The knife edge. How to SHARPEN KNIVES
Knife edge out of the box
Most of the time when you buy a knife from a big box store weather it is a hunting knife or kitchen knife you get a factory made edge.
For many this means the knife is either dull right out of the package or the edge doesn't last very long and the knife ends up in your kitchen drawer or in your collection of lost hunting knives that you just don't want to carry.
Many factors come into play when getting a new knife that doesn't hold an edge or you just cant get sharp. I list some below.
1. stainless steel knives vs carbon steel. I lean toward carbon steel every time, but I have a bias because I forge all my knives from 1095 high carbon steel. If you are familiar with carbon steel then you know what I mean. This being said carbon steel does take a better edge on almost any type sharpening stone and will stay sharp longer, than stainless. Stainless while it wont patina is harder to re-sharpen when you have to and if you do I would recommend a diamond stone.
2. The edge put on the knife in the factory is either ground to wide, is ground uneven, Is a rough ground edge,or just is simply made cheaply.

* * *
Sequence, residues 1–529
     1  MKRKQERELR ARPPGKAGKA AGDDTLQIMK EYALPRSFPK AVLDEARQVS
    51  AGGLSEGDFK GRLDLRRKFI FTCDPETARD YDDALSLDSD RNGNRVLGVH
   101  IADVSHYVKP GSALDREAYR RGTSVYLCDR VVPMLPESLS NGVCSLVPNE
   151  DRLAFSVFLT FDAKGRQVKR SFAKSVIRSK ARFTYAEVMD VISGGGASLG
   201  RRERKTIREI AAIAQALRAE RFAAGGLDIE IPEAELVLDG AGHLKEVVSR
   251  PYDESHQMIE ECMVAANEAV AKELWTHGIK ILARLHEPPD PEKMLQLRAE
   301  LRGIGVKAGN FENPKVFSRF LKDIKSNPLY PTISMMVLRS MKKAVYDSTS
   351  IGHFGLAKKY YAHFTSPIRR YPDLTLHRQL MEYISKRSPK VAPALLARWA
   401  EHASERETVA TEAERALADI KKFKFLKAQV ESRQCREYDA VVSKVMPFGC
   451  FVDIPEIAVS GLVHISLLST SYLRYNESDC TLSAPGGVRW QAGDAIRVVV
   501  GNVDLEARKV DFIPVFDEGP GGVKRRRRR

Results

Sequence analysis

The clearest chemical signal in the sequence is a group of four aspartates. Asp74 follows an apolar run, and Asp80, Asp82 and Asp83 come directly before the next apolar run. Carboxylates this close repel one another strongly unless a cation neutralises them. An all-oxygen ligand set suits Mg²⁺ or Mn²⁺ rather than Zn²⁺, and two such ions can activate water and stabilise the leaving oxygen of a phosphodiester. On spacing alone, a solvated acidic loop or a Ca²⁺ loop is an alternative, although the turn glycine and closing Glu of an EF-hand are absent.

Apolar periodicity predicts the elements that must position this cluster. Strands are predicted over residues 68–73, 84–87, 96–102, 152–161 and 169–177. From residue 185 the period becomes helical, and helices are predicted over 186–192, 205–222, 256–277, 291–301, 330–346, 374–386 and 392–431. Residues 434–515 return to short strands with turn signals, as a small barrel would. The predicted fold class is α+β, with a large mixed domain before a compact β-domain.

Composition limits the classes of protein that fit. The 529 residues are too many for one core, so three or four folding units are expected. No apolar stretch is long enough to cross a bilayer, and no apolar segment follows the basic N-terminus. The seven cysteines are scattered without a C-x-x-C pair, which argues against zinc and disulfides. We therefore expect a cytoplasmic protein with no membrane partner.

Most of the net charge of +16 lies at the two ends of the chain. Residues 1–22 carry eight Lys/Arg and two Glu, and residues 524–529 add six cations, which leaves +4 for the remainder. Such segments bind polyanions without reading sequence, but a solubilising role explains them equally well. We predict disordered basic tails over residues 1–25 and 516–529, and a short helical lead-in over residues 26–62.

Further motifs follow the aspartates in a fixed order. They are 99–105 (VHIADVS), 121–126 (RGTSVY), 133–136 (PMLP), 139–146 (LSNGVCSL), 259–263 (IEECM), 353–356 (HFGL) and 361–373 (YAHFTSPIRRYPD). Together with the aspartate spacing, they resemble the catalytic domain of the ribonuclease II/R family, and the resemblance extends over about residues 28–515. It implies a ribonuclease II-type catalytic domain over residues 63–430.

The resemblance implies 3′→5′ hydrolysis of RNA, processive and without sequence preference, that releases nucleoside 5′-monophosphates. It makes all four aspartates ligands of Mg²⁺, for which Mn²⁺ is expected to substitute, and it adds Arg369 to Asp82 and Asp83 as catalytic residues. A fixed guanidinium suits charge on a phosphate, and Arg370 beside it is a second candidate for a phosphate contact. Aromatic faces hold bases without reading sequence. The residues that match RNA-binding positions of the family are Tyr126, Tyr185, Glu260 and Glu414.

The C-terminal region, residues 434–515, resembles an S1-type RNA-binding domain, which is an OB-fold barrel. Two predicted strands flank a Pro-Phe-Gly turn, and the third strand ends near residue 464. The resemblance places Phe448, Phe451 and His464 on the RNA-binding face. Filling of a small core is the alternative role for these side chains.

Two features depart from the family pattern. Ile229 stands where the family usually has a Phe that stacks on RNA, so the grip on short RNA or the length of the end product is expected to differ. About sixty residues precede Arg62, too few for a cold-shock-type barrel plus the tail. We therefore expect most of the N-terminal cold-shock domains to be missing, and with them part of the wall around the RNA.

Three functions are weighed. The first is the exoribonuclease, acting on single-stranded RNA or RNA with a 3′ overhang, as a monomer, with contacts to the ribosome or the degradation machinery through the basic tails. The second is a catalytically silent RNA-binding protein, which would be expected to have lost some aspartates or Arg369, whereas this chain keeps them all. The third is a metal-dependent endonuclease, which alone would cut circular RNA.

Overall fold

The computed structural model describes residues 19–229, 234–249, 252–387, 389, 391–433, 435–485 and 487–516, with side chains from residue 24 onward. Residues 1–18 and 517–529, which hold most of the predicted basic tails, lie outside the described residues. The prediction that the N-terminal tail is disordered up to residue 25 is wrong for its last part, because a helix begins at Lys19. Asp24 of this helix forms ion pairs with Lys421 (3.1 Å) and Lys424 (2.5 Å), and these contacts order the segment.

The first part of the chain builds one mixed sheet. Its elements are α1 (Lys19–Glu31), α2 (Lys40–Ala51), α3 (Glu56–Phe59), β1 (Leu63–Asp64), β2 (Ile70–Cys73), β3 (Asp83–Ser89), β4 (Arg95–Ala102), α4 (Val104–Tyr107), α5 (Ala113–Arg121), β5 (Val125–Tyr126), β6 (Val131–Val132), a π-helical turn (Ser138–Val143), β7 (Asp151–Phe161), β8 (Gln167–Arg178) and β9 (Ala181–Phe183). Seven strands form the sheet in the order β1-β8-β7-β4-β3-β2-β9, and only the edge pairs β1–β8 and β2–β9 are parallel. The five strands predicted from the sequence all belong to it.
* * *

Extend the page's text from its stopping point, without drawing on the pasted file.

3. The hardness and tempering in the steel. Several factors can come into play here. One being type of steel and the way the factory hardened and tempered the knife. If the knife wasn't heat treated properly you can find your knife getting dull quickly, or very hard to sharpen.
Being a custom knife maker and hand forging each blade I use traditional hardening methods and each blade is done individually, most large factories or mass production don't do this. Also as I mentioned above carbon steel knives are easier to sharpen and will hold and edge much longer. For a good sharpening tutorial I posted links to some of my videos below.